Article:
United Ordering 50 Airbus A321XLRs

Roughly speaking Airbus makes the desirable narrowbody aircraft and Boeing makes the desirable widebodies. That was true before the Boeing 737 MAX was grounded, a huge blow to Boeing’s narrowbody competitiveness. However for most carriers the economics of the 787 and 777 outclass comparable Airbus jets.

The United Airlines fleet is Boeing for widebodies, and is currently split between Boeing and Airbus for narrowbodies – although legacy Continental Airlines executives, who had been in charge up until the ouster of CEO Jeff Smisek amidst a corruption probe, favored Boeing.

Airbus now is poised for a big win, as Bloomberg reports, because United is poised to order 50 Airbus A321XLR long range narrowbodies. Since the order is being reported at $7.1 billion we can assume it’s roughly half that. Deliveries would be slated to begin in 2024.

American Airlines ordered 50 A321XLRs to begin delivery in 2023 back in June.

This aircraft gives carriers the ability to fly between the U.S. East Coast and Midwest and Europe on an economical narrowbody aircraft, making it possible to serve routes that the 757 has operated but with a 25% lower unit cost.

With the deal, expected to be announced as soon as Tuesday, Airbus lines up another major U.S. customer for a model intended to replace Boeing’s out-of-production 757. The Chicago-based manufacturer has postponed deciding whether to develop a new jet of comparable size while it attempts to end the grounding of its workhorse Max, which was banned from the skies in March after two deadly crashes.

The A321XLR carries about the same number of passengers as a Boeing 737 MAX 10, but with longer ranges. These are expected to replace United 757s though not effectively 767s.

About Gary Leff

Gary Leff is one of the foremost experts in the field of miles, points, and frequent business travel - a topic he has covered since 2002. Co-founder of frequent flyer community InsideFlyer.com, emcee of the Freddie Awards, and named one of the "World's Top Travel Experts" by Conde' Nast Traveler (2010-Present) Gary has been a guest on most major news media, profiled in several top print publications, and published broadly on the topic of consumer loyalty. More About Gary »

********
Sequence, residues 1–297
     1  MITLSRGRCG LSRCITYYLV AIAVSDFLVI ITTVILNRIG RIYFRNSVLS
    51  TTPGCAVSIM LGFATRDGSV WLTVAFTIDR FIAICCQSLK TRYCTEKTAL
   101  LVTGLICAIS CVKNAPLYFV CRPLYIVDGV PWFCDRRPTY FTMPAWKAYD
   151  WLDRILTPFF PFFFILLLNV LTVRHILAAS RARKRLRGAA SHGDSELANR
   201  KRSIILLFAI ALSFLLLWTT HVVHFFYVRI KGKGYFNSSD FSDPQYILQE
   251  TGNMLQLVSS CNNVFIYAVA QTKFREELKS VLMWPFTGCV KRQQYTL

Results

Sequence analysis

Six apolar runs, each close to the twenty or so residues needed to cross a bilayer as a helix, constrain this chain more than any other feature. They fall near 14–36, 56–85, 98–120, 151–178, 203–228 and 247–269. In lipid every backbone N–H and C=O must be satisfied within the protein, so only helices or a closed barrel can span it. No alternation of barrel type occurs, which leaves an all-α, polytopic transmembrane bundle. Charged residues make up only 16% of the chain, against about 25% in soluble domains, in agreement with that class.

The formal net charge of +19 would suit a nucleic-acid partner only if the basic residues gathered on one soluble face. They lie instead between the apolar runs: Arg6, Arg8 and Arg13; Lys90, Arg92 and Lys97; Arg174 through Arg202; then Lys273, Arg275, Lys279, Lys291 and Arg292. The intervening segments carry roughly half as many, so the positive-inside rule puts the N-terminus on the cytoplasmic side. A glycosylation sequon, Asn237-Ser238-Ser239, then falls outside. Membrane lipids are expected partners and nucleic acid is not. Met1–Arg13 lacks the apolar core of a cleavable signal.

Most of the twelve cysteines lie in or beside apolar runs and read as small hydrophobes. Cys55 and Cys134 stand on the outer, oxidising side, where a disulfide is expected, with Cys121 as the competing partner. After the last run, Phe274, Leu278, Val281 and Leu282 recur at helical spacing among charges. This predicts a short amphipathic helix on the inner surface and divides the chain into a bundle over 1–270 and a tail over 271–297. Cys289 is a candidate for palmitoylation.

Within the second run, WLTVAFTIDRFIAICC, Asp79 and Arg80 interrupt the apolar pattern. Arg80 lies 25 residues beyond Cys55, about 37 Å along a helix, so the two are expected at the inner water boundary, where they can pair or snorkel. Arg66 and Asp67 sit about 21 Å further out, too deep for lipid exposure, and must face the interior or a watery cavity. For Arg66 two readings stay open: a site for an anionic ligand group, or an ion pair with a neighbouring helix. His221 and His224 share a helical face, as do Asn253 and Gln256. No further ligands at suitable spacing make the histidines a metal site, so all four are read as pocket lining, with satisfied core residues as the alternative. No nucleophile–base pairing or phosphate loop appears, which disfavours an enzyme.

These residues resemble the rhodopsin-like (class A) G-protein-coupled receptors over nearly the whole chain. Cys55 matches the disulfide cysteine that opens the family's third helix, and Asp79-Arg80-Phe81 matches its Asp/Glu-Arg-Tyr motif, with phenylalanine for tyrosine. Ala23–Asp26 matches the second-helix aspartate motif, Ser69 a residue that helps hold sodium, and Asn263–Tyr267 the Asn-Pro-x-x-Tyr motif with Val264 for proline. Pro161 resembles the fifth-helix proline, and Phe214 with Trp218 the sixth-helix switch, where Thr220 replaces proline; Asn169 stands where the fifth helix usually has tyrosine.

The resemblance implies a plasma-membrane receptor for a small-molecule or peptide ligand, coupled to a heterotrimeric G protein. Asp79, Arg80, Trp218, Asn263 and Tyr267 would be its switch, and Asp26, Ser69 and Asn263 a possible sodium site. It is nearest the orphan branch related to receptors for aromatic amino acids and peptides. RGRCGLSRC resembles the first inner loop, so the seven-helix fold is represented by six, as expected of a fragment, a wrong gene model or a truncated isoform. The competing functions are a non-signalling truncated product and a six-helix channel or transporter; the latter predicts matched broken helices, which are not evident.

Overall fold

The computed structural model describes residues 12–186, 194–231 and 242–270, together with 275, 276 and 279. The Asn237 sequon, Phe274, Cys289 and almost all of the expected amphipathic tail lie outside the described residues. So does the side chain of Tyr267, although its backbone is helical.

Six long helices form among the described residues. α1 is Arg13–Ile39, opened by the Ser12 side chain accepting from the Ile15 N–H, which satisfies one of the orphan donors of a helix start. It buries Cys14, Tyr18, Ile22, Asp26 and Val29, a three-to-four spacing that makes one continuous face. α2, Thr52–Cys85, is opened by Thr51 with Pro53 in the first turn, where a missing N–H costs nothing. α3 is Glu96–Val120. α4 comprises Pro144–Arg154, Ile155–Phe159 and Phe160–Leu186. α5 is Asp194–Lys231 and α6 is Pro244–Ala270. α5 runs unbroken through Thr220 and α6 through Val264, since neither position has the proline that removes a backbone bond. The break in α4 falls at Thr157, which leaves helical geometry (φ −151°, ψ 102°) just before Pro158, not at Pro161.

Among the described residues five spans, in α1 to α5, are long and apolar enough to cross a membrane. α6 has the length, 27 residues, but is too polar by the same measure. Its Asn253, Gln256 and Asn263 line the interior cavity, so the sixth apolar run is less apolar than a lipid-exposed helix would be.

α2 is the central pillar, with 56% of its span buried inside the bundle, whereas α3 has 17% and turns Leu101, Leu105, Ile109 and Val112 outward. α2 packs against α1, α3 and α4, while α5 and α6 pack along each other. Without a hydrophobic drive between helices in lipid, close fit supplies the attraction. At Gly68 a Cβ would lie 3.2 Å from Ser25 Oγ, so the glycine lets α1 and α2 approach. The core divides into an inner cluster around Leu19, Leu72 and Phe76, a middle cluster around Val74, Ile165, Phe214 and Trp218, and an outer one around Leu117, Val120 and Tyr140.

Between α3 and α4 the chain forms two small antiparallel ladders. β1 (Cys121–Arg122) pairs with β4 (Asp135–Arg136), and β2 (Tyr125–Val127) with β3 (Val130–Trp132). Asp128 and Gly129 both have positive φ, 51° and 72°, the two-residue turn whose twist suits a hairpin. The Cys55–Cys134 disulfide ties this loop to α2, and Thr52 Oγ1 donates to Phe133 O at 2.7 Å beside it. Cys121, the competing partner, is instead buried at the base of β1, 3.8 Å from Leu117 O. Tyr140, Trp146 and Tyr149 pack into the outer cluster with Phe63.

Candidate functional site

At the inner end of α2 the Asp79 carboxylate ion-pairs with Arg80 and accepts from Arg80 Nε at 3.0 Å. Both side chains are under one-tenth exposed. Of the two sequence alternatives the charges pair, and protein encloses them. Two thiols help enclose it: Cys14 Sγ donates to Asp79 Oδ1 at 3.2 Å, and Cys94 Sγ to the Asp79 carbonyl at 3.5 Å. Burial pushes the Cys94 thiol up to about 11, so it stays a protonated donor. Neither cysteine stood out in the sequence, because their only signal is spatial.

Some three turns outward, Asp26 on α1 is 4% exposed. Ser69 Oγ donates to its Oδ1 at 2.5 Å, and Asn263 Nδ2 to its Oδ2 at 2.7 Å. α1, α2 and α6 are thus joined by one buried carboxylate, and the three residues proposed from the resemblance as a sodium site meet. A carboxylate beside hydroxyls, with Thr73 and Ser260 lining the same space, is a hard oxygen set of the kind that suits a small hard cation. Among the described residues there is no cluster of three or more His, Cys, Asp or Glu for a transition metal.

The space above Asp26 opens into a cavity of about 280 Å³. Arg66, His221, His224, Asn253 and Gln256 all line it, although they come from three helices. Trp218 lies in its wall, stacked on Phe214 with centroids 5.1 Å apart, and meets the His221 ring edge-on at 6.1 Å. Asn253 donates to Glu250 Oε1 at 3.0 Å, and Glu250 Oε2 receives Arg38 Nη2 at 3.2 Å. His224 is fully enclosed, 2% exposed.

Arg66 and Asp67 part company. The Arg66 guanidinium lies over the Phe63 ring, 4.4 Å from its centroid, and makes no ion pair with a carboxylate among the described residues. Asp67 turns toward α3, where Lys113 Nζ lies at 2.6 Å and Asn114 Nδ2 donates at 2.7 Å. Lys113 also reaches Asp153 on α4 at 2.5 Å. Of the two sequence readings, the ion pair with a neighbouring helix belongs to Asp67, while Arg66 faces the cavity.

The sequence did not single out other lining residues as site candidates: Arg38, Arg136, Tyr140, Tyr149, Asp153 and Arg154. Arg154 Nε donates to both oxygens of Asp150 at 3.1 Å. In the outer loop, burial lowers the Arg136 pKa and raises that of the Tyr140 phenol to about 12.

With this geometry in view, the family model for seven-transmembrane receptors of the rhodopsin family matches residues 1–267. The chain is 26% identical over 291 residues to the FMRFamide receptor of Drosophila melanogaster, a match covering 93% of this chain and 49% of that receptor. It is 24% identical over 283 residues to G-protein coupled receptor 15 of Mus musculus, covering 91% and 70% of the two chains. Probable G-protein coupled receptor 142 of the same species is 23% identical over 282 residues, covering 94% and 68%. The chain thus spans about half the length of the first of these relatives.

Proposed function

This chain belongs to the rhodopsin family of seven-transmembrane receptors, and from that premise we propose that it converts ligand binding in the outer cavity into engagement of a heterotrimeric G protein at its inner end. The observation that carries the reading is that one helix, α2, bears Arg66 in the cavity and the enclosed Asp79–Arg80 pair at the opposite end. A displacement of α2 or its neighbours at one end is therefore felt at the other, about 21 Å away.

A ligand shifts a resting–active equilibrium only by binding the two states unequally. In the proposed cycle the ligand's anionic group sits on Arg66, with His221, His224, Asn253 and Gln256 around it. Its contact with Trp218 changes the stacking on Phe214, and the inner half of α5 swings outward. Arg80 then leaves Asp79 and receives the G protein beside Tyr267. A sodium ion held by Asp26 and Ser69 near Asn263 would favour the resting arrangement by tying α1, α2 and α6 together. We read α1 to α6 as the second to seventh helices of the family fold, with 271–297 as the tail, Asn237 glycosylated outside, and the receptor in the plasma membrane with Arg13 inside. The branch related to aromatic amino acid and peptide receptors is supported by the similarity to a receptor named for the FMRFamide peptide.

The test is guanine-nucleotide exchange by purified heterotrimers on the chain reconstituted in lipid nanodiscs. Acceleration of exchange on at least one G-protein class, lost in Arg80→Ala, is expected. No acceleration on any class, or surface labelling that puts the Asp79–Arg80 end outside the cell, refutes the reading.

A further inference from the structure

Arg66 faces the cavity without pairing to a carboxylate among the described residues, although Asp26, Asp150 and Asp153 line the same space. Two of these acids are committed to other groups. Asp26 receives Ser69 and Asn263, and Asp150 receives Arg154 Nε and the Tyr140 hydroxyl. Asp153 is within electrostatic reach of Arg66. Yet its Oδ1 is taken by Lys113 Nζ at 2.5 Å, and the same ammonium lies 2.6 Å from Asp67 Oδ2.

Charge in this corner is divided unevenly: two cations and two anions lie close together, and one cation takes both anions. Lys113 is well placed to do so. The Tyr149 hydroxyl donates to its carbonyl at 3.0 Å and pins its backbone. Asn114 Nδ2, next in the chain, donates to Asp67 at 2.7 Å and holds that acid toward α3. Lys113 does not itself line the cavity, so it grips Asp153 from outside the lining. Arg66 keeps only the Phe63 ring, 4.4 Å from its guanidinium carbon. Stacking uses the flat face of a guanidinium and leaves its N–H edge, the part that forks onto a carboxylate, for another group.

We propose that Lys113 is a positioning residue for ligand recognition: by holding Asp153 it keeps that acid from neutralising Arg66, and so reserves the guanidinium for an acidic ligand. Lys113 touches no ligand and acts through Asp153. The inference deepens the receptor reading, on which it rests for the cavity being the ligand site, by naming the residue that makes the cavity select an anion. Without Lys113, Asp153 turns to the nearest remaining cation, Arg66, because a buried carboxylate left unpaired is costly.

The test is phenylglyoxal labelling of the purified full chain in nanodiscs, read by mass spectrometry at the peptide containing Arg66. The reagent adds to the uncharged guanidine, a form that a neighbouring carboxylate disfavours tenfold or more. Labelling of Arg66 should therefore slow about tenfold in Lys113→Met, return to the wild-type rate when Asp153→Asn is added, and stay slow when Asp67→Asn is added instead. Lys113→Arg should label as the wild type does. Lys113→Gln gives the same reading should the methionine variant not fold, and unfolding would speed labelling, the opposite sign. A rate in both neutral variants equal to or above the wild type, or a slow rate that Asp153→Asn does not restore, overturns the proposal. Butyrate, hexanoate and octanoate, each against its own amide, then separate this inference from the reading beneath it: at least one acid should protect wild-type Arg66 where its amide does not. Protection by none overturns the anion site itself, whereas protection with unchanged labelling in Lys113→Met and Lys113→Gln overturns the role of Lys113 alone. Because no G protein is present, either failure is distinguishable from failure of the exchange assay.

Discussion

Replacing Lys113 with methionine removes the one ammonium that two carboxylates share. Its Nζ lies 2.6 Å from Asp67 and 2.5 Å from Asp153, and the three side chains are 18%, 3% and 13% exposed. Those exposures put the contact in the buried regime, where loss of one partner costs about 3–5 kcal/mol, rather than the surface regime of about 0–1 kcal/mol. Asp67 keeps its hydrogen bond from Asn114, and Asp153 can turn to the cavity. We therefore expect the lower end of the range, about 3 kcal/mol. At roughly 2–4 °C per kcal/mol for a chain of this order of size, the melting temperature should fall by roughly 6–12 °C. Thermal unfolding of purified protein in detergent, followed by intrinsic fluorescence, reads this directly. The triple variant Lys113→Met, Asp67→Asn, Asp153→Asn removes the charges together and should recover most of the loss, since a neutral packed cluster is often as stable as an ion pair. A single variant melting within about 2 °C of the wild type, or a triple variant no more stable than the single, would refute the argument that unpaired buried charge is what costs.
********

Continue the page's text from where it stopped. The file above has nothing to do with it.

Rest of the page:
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  1. The economics of 787 and 777 outclass comparable Airbus jets? My lord what a silly comment. Evner heard of the A350?

  2. This is a big win, I favor Airbus narrowbodies they feel better than the 737s… Just wish UA would phase out the rest of their 737s like they did in 2008 in favor of Airbus…

  3. “The economics of 787 and 777 outclass comparable Airbus jets?” That’s broadbrush statement … in certain contexts it’s true, in certain other contexts not. Even the 333 turns out to be somewhat better for certain missions, not to mention of the new and improved 339.

  4. Simply put, Airbus > Boeing on narrowbody aircraft. I don’t have an opinion on paxex of widebody because honestly there are so many older Boeing’s flying and so few Older Airbus Flying. The older Airbus widebodies were quirky at best, loss leaders to gain market in reality. What’s the oldest Airbus WB flying for a major, maybe a 2002 330 for US? 310, 300, 340 are mostly retired (or new builds), meanwhile UA has 25 YO 777’s flying 13 hour missions regularly. Point is, Airbus makes a better narrowbody than Boeing does right now. Boeing has 787/777 potential for now, but if they falter, that’s not good.

  5. I know the 757 is used now but good lord I could not stomach a transatlantic flight in a narrow body aircraft.

  6. @view – it is absolutely true of the A350 which is too large for most airlines, including delta by the way

    Not so large that almost a thousand of them have been ordered!

  7. #PaxEx-wise, Airbus makes a much better widebody (the A350) than Boeing (the 787/777). 787 is louder and narrower than the A350, the 777 is just … old tech. 777X who knows, could be another MAX-like fiasco (old tech stretched too thin); certainly the fact that it ripped apart when load-tested doesn’t inspire confidence.

  8. 787 is outselling the A350 3 to 1 and the 777X will replace most if not all remaining 777-300, 747 and A380s over time. The A350 is only selling because Boeing doesn’t have slots, but it’s too large for most. The A330neo is selling slow and has cannibalized the A350 sales.

    As good as Airbus is in the narrow body arena, Boeing is owns the wide body market. If Boeing had been smart, the Max would have never been built, the 757 and 767 would be re-engined, and the 797 would be the new narrow body. Looking back, the rush to keep AA was a bad move for Boeing.

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